The study lead Dr Keegan Knittle, from the University of Helsinki Faculty of Social Sciences, indicated that combining activity tracking with goal setting is especially important.
“Previous research has shown that combining self-monitoring and goal setting leads to changes in physical activity. It turns out that this combination increases motivation as well,“ Knittle says.
This finding could be important for anyone looking to become more active, but who is not sure of how to get started. In addition to goal setting and activity tracking, simply enrolling in an exercise class might have motivational benefits.
“Interventions which included instructions on how to be physically active and which allowed participants to practice led to increases in motivation,” Knittle says.
In other words, actively taking a first step toward being more physically active can be motivational.
“This is consistent with the classic foot-in-the-door paradigm, where taking one small step leads to taking a second and third step and so on.”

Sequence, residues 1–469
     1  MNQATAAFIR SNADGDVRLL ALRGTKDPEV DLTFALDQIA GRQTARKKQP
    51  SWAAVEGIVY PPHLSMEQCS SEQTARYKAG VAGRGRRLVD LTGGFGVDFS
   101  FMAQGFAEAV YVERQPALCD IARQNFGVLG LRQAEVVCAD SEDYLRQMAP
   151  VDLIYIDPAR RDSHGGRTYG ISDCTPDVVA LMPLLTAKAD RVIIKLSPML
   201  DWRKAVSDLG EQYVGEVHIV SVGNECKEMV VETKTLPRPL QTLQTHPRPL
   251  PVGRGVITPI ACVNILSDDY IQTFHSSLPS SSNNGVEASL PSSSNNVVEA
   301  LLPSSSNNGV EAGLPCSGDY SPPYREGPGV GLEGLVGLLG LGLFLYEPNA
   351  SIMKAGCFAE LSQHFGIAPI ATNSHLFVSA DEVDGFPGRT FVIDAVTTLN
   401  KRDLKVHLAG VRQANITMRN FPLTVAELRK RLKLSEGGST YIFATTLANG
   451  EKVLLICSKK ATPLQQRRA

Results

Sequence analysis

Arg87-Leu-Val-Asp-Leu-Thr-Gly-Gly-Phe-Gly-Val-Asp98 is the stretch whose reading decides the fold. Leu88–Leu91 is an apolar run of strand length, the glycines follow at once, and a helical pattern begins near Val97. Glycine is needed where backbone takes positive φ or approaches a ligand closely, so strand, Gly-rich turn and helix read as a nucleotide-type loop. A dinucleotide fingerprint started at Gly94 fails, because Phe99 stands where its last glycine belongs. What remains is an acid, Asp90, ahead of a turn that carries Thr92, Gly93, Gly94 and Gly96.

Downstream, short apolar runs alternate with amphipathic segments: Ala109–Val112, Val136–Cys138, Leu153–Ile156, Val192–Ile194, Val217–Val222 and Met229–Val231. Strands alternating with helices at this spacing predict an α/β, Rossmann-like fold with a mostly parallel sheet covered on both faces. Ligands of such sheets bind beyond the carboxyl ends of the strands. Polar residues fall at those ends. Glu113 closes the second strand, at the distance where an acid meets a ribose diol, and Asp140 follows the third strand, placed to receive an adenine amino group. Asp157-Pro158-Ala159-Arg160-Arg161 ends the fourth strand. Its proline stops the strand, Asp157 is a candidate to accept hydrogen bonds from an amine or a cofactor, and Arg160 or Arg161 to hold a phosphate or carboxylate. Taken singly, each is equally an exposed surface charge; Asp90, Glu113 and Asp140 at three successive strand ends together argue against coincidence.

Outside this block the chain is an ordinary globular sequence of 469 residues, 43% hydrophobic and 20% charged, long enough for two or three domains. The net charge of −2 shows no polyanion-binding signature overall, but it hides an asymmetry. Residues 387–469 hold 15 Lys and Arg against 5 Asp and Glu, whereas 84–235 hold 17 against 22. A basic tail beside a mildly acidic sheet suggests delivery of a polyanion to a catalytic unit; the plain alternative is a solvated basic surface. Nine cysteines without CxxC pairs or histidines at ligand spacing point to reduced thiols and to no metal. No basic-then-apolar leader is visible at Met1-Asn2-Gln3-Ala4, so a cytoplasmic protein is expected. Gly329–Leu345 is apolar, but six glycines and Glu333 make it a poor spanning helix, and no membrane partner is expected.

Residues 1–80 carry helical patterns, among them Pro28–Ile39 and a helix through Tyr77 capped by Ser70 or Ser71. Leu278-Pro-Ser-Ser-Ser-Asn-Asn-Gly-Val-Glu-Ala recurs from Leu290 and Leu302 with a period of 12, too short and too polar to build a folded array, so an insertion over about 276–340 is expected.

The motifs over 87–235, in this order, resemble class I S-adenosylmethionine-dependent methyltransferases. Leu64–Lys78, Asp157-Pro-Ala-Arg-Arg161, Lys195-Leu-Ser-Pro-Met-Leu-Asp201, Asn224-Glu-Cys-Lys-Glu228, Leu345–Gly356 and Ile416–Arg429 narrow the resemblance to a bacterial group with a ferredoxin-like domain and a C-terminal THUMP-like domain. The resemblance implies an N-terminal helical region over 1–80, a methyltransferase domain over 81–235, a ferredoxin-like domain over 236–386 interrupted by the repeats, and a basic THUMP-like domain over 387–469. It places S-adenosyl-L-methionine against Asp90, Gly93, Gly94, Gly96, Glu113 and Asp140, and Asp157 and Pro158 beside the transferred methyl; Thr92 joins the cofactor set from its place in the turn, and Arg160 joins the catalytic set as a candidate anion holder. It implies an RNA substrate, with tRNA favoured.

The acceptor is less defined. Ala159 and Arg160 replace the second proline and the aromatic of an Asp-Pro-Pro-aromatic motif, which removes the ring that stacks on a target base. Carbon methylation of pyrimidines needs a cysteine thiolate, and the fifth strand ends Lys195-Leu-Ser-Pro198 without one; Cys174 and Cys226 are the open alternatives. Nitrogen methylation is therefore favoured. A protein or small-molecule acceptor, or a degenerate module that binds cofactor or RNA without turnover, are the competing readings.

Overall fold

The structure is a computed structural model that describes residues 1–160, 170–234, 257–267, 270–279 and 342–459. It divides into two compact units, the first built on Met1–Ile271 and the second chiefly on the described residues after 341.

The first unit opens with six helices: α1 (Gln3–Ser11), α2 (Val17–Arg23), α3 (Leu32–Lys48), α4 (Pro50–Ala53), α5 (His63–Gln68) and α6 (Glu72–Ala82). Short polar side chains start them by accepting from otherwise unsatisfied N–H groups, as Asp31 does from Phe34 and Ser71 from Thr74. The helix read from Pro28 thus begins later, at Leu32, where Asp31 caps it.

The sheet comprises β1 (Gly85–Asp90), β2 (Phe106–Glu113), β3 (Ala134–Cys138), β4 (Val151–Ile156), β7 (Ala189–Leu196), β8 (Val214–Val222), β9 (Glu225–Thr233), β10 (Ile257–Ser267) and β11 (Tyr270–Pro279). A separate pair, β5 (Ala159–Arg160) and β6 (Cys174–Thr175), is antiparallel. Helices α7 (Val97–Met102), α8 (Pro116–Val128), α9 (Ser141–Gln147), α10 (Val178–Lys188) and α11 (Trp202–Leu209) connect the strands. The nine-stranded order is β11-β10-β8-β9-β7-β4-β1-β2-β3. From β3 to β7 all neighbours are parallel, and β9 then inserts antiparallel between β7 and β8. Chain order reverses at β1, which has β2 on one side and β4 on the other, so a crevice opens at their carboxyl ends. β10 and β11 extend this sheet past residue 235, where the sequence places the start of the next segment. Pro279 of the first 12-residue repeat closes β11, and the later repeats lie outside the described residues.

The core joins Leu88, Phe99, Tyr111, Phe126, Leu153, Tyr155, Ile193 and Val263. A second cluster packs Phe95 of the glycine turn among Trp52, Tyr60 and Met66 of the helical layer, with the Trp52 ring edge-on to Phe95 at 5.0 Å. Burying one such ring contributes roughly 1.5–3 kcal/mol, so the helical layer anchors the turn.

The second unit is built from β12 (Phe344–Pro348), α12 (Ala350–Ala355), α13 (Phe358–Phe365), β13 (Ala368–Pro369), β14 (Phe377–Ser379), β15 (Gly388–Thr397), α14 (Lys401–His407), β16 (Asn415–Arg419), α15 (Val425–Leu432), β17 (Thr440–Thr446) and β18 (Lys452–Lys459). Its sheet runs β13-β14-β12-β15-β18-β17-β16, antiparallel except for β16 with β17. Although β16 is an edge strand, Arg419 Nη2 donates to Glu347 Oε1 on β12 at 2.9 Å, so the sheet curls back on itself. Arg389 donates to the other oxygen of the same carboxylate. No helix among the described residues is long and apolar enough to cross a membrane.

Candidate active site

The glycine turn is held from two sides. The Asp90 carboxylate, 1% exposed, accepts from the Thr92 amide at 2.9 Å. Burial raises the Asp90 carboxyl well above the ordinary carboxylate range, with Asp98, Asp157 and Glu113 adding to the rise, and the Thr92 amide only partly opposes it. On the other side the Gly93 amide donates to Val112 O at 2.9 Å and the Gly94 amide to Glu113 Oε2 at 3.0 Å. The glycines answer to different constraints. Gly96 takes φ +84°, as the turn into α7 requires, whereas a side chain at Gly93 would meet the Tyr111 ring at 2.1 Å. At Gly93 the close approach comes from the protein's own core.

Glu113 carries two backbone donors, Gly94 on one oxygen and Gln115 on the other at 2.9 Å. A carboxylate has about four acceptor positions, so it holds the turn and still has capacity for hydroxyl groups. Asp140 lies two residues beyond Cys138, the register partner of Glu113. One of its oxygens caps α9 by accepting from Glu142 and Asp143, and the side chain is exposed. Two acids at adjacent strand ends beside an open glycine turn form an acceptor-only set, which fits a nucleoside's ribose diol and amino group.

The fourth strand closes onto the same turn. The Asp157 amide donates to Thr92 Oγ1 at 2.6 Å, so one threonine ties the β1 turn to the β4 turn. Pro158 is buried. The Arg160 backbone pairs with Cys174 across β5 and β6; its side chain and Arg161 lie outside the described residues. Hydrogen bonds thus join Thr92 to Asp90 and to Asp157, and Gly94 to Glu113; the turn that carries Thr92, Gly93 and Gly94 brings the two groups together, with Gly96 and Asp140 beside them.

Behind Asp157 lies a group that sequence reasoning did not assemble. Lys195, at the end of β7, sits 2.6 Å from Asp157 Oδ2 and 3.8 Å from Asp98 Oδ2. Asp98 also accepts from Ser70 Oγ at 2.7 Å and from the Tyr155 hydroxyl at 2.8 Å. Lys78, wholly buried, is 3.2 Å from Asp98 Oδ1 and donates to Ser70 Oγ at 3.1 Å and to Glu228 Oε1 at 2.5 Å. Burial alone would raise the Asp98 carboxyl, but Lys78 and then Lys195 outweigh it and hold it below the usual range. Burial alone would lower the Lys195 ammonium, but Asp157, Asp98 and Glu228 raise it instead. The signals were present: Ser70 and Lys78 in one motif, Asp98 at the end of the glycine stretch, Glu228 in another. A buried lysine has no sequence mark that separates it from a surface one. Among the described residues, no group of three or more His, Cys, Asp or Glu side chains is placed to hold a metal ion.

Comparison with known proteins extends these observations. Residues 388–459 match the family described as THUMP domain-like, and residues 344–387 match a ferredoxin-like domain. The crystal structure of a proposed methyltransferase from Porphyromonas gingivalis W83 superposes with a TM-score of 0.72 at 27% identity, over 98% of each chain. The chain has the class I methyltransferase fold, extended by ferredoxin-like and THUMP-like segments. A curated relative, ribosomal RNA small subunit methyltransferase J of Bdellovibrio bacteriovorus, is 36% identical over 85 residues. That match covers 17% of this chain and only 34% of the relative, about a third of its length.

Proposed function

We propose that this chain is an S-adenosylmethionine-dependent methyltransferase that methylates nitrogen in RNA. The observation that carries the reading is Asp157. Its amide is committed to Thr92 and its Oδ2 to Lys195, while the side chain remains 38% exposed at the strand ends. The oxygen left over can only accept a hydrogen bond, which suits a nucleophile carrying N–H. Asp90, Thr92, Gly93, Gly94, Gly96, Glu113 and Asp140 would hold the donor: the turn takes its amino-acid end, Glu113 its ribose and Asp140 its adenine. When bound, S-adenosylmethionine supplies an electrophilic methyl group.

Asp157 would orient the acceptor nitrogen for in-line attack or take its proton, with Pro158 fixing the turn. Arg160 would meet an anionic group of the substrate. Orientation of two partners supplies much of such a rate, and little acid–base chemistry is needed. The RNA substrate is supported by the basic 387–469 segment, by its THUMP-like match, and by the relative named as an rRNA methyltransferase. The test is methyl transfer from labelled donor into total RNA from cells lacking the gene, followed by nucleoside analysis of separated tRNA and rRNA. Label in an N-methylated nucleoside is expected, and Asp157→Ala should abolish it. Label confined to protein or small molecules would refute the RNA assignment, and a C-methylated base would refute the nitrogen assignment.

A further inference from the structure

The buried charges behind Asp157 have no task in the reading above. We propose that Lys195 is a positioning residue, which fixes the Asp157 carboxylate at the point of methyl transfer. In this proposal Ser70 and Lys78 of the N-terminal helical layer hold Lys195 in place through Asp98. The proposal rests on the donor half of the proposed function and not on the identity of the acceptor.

Face to face contact and group approaches increase motivation
To come to these conclusions, the researchers combined the results of 200 study arms in a meta-analysis, including data from nearly 19,000 individuals in many countries, primarily from Europe and the US. The participants in the various studies came from a variety of different backgrounds. The study looked for generalizable trends across these different backgrounds and locations of research.
In this study, which is the largest of its kind to examine physical activity motivation, the researchers also identified that programs delivered in face to face or group settings were more motivational.
“It seems as though personal contact is key to increasing motivation for physical activity,” Knittle tells.
“We aren’t sure exactly why these face to face and group approaches are more motivational, but it might be down to increased accountability for progress and increased opportunities for social comparison”, Knittle states.
The study, which is now published online in Health Psychology Review, also involved researchers from the University of Stirling in Scotland and Maastricht University in the Netherlands. A pre-print version of the article can be accessed via PsyArxiv at https://psyarxiv.com/upmy8/, and the published article is available from Taylor and Francis at http://www.tandfonline.com/doi/abs/10.1080/17437199.2018.1435299.
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Some graphs available here which show how changes in motivation were related to changes in physical activity behavior: